"As the party seeking class certification, [plaintiff] bears the burden of demonstrating that she has met each of the four requirements of Rule 23(a) and at least one of the requirements of Rule 23(b)." Zinser v. Accufix Research Inst., 253 F.3d 1180, 1186 (9th Cir. 2001) (citing Hanon v. Dataproducts Corp., 976 F.2d 497, 508 (9th Cir. 1992)). In analyzing whether a plaintiff has met her burden to show that the above requirements are satisfied, a court must "analyze the allegations of the complaint and the other material before [the court] (material sufficient to form reasonable judgment on each [Rule 23] requirement)." Blackie v. Barrack, 524 F.2d 891, 900-01 (9th Cir. 1975) (noting further that a court is to take the substantive allegations in the complaint as true); see also Hanon, 976 F.2d at 509 (finding that the court may consider evidence to ascertain whether Rule 23 has been met, even though the evidence relates to the merits); Sepulveda v. Wal-Mart Stores, Inc., 237 F.R.D. 229, 233 (C.D. Cal. 2006) ("[B]ecause 'the class determination generally involves considerations that are enmeshed in the factual and legal issues comprising the plaintiff's cause of action,' a court must often look behind the pleadings 'to evaluate carefully the legitimacy of the named plaintiff's plea that he is a proper class representative under Rule 23(a).'") (quoting Gen. Tel. Co. of the Sw. v. Falcon, 457 U.S. 147, 160 (1982) (citations and internal quotation marks omitted)). A court should not conduct a hearing on the merits of the plaintiffs' claims when determining class certification, see Valentino, 97 F.3d at 1232, although the issue of certification "generally involves considerations that are enmeshed in the factual and legal issues comprising the plaintiff's cause of action." Coopers & Lybrand v. Livesay, 437 U.S. 463, 469 (1978). In summary, "notwithstanding its obligation to take the allegations in the complaint as true, the Court is at liberty to consider evidence which goes to the requirements of Rule 23 even though the evidence may also relate to the underlying merits of the case." In re Unioil Secs. Litig., 107 F.R.D. 615, 618 (C.D. Cal. 1985).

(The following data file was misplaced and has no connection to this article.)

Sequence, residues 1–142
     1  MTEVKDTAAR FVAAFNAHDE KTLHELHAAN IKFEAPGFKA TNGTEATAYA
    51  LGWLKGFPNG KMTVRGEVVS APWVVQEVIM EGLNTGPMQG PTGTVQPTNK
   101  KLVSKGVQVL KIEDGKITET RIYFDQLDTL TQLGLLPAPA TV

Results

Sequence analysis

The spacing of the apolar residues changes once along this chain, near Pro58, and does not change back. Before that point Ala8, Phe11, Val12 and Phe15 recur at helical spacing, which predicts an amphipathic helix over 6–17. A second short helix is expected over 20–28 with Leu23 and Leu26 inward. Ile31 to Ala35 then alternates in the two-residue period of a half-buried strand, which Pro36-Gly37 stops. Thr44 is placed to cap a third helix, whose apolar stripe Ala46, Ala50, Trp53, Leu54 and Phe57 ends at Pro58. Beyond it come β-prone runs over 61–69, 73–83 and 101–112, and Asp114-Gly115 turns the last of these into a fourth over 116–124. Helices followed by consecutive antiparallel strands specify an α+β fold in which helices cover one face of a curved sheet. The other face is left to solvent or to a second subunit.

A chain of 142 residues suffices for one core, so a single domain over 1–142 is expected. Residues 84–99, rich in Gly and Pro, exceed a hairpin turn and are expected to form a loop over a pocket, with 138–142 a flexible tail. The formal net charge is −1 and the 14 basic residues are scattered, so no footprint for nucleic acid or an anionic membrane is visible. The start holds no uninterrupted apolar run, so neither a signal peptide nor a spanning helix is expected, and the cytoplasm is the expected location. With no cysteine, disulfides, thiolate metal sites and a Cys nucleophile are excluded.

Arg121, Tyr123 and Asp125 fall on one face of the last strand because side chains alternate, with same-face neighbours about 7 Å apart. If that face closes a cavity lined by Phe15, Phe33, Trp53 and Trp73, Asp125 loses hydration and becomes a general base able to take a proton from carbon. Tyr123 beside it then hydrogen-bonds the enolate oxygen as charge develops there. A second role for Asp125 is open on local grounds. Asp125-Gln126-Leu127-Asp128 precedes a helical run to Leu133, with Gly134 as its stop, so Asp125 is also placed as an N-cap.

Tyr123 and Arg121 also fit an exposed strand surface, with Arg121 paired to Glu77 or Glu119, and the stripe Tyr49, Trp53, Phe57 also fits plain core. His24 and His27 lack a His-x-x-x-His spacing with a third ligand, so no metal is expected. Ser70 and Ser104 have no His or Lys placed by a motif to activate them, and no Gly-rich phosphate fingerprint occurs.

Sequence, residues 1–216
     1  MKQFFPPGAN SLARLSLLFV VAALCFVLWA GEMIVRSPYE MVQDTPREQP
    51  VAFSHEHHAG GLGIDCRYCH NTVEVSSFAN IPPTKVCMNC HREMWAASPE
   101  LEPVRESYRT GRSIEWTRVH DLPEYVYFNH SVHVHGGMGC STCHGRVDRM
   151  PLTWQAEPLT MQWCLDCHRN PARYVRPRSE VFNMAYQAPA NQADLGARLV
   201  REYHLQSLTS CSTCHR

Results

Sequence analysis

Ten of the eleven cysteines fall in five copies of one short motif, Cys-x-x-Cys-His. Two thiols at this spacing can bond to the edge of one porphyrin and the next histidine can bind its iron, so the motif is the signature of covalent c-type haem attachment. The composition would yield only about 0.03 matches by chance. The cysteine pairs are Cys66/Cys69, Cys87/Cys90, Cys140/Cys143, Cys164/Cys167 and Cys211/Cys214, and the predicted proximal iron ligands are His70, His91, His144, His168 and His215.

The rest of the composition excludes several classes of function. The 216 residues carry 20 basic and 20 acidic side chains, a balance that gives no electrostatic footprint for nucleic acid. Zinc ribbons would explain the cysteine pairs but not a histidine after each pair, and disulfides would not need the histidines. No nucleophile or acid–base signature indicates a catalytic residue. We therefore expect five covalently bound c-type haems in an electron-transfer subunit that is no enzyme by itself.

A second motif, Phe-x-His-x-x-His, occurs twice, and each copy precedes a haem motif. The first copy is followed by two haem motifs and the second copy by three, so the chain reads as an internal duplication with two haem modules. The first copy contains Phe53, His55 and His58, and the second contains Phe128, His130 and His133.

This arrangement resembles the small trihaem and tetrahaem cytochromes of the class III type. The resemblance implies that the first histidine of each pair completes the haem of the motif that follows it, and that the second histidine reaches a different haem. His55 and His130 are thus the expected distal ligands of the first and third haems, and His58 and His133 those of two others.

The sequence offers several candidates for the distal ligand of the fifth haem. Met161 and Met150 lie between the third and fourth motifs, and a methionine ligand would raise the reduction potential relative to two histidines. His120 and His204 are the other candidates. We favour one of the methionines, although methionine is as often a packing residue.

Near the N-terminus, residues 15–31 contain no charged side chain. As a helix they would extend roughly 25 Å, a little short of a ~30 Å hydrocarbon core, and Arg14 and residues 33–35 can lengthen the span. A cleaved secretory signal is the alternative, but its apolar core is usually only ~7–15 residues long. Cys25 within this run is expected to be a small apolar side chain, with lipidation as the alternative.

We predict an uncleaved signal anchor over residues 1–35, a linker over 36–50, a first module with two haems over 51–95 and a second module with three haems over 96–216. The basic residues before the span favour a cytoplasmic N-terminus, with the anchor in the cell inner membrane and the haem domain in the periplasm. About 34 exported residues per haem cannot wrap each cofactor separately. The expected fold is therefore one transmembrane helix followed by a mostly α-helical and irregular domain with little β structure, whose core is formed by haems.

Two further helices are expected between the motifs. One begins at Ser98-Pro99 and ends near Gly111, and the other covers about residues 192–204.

A district court is granted "broad discretion" to determine whether the Rule 23 requirements have been met. Zinser, 253 F.3d at 1186; see also In re Mego Fin. Corp. Sec. Litig., 213 F.3d 454, 461 (9th Cir. 2000) ("The district court's decision certifying the class is subject to a very limited review and will be reversed only upon a strong showing that the district court's decision was a clear abuse of discretion.") (quotations omitted).
Rule 23(a)(3) provides that the "claims or defenses of the class representative must be typical of the claims or defenses of the class." Fed. R. Civ. P. 23(a)(3). "[A] class representative must be part of the class and possess the same interest and suffer the same injury as the class members." Gen. Tel. Co. of Sw., 457 U.S. at 156 (quotation omitted). "[R]epresentative claims are 'typical' if they are reasonably coextensive with those of absent class members, they need not be substantially identical." Dukes v. Wal-Mart, Inc., 474 F.3d 1214, 1232 (9th Cir. 2007) (quotation omitted). "The test of typicality is whether other members of the proposed class have the same or similar injuries, whether the action is based on conduct which is not unique to the named plaintiffs, and whether other class members have been injured by the same conduct." Id. (quotation omitted). "Although the commonality and typicality requirements for class actions tend to merge, each factor serves a discrete purpose. Commonality examines the relationship of facts and legal issues common to class members, while typicality focuses on the relationship of facts and issues between the class and its representatives." Id. at 1232 n.10 (quotation and citation omitted).
Plaintiff argues that the typicality requirement is satisfied because the named Plaintiff and the proposed class members all purchased Pantene Pro-V products that were the subject of Defendant's allegedly false hair strengthening claims. Plaintiff submits evidence that at least 28 of Defendant's products were specific ...